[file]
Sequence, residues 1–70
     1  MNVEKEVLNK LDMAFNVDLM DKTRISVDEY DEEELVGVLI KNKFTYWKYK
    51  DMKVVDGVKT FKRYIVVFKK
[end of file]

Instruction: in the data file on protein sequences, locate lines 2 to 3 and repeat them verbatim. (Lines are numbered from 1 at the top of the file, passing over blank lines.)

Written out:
     1  MNVEKEVLNK LDMAFNVDLM DKTRISVDEY DEEELVGVLI KNKFTYWKYK
    51  DMKVVDGVKT FKRYIVVFKK